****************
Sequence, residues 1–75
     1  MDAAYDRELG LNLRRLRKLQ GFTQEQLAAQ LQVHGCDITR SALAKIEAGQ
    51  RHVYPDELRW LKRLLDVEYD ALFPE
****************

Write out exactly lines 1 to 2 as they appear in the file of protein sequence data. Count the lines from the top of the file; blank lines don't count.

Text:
Sequence, residues 1–75
     1  MDAAYDRELG LNLRRLRKLQ GFTQEQLAAQ LQVHGCDITR SALAKIEAGQ